Our Highest Calling?
“Motherhood is a woman’s highest calling.” It was said with awe, reverence, and authority. And it was said at a baby shower I went to a couple years ago. I was in attendance along with various friends, including one deeply saddened by infertility and one who longed to be married.
Knowing my friends’ burdens, the statement stung like a slap on the cheek. I inwardly debated whether or not to stand up right then and there and say, “Sorry, that’s absolutely not true.” If you’ve ever led a Bible study or hosted more than a few people with more than a few opinions, you know the feeling. Say something now for the sake of everyone in the room, or let it go and try to do damage control later?
I went with the latter option, not having it in me at the time to sour the mood of the shower. I called my friend facing infertility as soon as I got in my car to go home. “I am so sorry you had to hear that,” I said. She’s smart and strong in the Lord and took it in stride, but it had left a mark for sure. We lamented the destructive impact the falsity might have had on everyone else in the room. My other friend, the single one in attendance, was unfazed, her eye still on the prize of assumed marriage and motherhood in her future.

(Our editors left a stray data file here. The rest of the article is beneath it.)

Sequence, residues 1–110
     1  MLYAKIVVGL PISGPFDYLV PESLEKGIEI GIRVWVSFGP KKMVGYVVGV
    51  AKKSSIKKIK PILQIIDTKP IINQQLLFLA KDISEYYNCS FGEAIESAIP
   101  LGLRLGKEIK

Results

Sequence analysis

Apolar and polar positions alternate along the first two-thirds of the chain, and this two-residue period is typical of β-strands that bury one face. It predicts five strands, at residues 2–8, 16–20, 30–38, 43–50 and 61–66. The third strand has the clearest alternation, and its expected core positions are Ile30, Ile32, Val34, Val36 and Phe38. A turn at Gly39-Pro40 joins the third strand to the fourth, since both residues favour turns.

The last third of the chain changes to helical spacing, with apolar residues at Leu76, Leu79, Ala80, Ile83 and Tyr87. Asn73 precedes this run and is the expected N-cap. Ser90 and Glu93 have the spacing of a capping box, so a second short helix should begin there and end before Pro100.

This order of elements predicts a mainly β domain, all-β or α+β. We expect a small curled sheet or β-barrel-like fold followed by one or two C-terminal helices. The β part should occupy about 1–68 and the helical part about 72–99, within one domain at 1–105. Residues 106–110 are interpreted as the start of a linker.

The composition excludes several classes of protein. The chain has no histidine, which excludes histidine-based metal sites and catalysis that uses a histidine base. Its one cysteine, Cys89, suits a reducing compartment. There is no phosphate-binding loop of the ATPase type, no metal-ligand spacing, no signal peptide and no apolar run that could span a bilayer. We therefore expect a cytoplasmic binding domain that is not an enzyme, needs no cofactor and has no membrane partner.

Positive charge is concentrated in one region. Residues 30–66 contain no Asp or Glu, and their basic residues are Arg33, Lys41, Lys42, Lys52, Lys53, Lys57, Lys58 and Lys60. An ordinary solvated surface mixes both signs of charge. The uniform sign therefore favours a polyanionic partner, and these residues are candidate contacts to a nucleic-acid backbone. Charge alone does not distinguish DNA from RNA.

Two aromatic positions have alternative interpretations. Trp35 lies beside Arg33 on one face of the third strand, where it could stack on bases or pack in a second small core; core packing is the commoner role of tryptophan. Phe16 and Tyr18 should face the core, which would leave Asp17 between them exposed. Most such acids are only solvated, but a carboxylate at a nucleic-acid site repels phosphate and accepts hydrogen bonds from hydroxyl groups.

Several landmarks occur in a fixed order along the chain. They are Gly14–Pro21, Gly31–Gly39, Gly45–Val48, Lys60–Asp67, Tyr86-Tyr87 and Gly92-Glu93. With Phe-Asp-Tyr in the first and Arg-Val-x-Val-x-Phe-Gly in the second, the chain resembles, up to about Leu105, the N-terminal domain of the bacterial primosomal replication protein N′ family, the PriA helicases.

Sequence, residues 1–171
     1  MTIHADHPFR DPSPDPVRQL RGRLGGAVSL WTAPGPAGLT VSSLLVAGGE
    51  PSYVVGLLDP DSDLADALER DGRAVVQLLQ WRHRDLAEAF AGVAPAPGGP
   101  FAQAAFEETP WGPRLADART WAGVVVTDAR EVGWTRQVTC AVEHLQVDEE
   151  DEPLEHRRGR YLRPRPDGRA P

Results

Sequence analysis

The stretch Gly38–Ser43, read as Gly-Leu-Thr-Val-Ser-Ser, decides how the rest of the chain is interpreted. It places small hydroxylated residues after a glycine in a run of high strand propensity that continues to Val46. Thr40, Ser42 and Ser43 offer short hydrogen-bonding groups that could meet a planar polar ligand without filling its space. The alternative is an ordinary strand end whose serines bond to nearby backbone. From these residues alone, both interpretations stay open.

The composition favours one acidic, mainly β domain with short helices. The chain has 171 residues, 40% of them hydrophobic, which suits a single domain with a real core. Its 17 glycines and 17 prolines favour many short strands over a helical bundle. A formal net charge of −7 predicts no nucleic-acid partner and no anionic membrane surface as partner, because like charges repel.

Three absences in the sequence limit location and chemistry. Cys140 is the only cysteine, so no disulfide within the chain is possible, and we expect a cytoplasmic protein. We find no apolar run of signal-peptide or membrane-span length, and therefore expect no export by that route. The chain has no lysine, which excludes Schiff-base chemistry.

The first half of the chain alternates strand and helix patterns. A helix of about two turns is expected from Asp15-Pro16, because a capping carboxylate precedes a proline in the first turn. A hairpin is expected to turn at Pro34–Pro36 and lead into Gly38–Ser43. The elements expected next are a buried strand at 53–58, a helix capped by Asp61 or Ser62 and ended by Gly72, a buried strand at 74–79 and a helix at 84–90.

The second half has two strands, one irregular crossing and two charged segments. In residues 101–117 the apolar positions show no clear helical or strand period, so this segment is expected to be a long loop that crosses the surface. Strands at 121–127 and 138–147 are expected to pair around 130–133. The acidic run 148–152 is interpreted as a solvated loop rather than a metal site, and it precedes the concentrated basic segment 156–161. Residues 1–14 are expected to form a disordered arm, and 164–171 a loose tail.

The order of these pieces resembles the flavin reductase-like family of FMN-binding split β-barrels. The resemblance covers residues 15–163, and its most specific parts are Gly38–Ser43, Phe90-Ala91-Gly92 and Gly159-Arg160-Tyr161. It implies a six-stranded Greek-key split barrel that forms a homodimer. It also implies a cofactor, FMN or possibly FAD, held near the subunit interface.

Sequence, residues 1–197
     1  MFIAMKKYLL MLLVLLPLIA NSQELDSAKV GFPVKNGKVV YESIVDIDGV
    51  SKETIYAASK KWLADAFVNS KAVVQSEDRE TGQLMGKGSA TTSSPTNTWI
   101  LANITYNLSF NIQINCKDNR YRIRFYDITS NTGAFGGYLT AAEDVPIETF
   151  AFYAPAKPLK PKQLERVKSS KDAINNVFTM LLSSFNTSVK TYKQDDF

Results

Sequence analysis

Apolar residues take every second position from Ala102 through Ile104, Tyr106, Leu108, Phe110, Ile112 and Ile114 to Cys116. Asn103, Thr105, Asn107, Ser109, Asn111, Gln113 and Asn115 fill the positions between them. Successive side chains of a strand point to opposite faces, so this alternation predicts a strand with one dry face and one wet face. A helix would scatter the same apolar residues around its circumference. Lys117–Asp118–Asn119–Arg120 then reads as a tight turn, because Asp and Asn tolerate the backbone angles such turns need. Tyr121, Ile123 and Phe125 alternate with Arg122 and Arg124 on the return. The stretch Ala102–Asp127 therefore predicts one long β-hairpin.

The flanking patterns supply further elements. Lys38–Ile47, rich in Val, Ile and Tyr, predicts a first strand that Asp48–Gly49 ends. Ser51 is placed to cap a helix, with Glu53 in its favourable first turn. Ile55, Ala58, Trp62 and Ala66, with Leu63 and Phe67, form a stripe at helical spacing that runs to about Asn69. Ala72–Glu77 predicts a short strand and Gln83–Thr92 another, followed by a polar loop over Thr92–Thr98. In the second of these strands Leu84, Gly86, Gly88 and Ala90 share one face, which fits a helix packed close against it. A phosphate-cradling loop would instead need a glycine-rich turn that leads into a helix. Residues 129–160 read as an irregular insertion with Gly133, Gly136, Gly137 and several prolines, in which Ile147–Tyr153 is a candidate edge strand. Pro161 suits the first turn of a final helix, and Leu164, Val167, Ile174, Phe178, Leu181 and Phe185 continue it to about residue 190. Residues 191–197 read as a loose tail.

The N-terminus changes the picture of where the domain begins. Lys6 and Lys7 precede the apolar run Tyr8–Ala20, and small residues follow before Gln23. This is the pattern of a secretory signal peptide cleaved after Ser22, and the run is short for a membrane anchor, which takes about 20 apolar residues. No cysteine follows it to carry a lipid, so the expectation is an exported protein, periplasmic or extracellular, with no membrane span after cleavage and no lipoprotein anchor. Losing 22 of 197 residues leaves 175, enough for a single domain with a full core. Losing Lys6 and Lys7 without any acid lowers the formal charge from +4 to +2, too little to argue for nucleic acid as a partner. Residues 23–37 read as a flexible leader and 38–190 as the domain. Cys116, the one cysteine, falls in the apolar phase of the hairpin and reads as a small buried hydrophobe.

We love a story that ends with true love and happily ever after. We’re raised on fairy tales: the sweet couple overcoming all odds, uniting in the end, and raising beautiful children while the sun sets in the distance. It’s the stuff of romantic comedies, Hallmark movies, and almost every Disney story.
First comes love, then comes marriage, then comes the baby in the baby carriage.
And indeed, marriage and motherhood are good gifts. You will never catch me saying otherwise. Romantic love is a blessing. Covenantal love in marriage is remarkable. Marriage as a symbol of Christ’s love for the church induces awe and worship in me. Children are a gift from the Lord (Ps. 127:3). Whoever receives these gifts should rejoice and steward them well.
But the Christian church—at least the church in the United States, which I love and serve with my whole heart—has a tendency to set marriage and motherhood on a pedestal that Scripture does not support. Remember, “an idol is whatever you look at and say, in your heart of hearts, ‘If I have that, then I’ll feel my life has meaning, then I’ll know I have value, then I’ll feel significant and secure.’1
Idols are good things that we turn into ultimate things.
We in the church can know we’ve made marriage and motherhood idols by the way we talk about them and frame them in our ministries and programs. Our words and church bulletins reveal, even though it’s likely subconscious, that we can’t imagine that unmarried or childless adults have really “arrived.” We doubt their maturity until they have a spouse and some kids to prove it.